Is It Safe? Chesapeake Overpays, Loses Big

Excessive CEO pay isn't the only reason to rule out gas producer Chesapeake Energy.
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Chesapeake Energy

(CHK) - Get Report

has come under fire recently for the lavish bonus paid to Chief Executive Aubrey McClendon. His $112.5 million pay package in 2008 was the largest paid to any S&P 500 CEO and has brought about legal action by

shareholders

.

While this compensation package is outrageous, it's not the only factor that should make investors wary of the

gas producer

.

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Excessive pay on its own usually isn't enough of a reason to rule out a

company

. However, it's a symptom of an overarching problem that can lead to poor

stock

performance in the long run.

When a company pays large sums of money to executives rather than invest in its operations, it reflects a fundamental breakdown in the relationship between the firm's owners, the shareholders, and the managers hired to generate returns. While the negative effects of poor corporate governance aren't always immediately apparent, studies have shown that firms with strong board leadership tend to outperform their peers.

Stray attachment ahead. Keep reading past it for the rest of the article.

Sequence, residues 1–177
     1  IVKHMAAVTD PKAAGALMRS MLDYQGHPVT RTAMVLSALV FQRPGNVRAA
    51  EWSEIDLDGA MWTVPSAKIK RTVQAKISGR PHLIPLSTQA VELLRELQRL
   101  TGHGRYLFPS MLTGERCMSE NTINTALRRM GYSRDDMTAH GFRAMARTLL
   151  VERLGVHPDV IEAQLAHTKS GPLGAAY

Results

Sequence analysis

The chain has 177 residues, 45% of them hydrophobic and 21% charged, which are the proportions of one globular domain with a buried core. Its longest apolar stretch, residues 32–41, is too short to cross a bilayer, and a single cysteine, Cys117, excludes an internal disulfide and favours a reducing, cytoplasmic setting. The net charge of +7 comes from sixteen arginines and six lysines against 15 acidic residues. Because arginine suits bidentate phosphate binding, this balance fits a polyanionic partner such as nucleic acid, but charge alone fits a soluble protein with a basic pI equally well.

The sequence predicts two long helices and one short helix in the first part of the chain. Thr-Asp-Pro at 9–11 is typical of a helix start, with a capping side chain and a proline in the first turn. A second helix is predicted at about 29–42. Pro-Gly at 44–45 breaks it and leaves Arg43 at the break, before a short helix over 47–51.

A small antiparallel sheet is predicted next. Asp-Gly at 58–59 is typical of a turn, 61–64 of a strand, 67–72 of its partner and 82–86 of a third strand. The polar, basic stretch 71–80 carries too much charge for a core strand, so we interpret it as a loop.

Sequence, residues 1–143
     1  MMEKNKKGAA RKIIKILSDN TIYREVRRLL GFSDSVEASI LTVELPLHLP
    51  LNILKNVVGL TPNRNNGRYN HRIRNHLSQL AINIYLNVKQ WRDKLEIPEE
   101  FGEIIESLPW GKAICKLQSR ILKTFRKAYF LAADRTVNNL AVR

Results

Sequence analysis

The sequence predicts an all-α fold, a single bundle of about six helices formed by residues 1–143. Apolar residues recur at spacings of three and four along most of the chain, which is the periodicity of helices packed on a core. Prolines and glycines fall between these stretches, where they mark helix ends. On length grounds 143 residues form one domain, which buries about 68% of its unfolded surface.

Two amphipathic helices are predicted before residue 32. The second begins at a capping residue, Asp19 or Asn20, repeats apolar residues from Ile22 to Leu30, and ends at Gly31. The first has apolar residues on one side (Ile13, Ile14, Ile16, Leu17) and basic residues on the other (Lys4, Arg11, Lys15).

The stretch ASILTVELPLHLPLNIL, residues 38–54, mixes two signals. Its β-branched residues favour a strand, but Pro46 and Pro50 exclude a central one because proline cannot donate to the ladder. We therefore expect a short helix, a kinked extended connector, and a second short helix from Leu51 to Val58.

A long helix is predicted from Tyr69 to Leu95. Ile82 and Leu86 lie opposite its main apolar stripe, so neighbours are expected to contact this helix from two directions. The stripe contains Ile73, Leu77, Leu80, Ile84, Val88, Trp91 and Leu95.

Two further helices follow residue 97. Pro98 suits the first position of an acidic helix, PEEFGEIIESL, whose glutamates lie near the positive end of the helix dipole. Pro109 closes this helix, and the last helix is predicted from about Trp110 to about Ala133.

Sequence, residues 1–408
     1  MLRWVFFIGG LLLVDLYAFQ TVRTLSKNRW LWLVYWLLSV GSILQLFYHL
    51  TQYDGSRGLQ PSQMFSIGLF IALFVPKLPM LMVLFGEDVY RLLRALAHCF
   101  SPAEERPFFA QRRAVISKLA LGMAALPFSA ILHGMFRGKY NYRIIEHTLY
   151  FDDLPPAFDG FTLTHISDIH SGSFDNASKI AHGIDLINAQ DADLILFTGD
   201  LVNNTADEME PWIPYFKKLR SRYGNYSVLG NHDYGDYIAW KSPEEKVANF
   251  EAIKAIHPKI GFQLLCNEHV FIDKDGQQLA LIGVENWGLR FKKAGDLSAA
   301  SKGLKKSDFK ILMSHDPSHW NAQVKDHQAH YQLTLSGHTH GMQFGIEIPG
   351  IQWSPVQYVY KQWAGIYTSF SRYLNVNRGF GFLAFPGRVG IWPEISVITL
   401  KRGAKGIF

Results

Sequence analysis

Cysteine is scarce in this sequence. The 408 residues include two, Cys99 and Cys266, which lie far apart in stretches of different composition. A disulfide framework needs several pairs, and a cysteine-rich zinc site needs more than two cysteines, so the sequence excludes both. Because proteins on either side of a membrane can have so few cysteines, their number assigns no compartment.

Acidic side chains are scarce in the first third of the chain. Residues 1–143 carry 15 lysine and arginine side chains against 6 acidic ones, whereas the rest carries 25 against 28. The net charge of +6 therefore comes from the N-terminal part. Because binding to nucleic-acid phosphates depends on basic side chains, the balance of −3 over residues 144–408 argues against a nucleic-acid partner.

Oklahoma City-based Chesapeake has risen 38% this year, outpacing the 1.1% return of the S&P 500 Energy Index. However, rising energy prices have lifted all boats, and some of Chesapeake's competitors have delivered even better gains.

Southwestern Energy

(SWN) - Get Report

, for example, has advanced 45% this year with a stronger return on equity than that of Chesapeake.

At 5.1%, Chesapeake's return on equity is less than a quarter of the industry average of 21%. Bigger firms like

Exxon Mobil

(XOM) - Get Report

,

Chevron

(CVX) - Get Report

and

Schlumberger

(SLB) - Get Report

offer returns on equity in excess of 29%.

How can Chesapeake justify a $75 million bonus for McClendon when the company trails its rivals by so much?

While Chesapeake is cheaper than its peers, with a price-to-earnings ratio of 10.4, it's also far less profitable. Sturdier companies like Exxon, Chevron and Schlumberger are also trading for less than 23.6 times earnings, the industry's average.

Chesapeake's first-quarter loss widened to $5.74 billion from $130 million a year earlier because of a massive goodwill impairment charge. But even without that expense, the company is weaker than its competitors.

The energy sector is worth considering now that oil prices have crept back above $70 a barrel, but Chesapeake isn't the best option. It's not a bad company. It's just not the best investment.

TheStreet.com Ratings rates Chesapeake "sell" with a grade of D-plus.

TSC Ratings provides exclusive stock, ETF and mutual fund ratings and commentary based on award-winning, proprietary tools. Its "safety first" approach to investing aims to reduce risk while seeking solid outperformance on a total return basis.

Prior to joining TheStreet.com Ratings, David MacDougall was an analyst at Cambridge Associates, an investment consulting firm, where he worked with private equity and venture capital funds. He graduated cum laude from Northeastern University with a bachelor's degree in finance and is a Level II CFA candidate.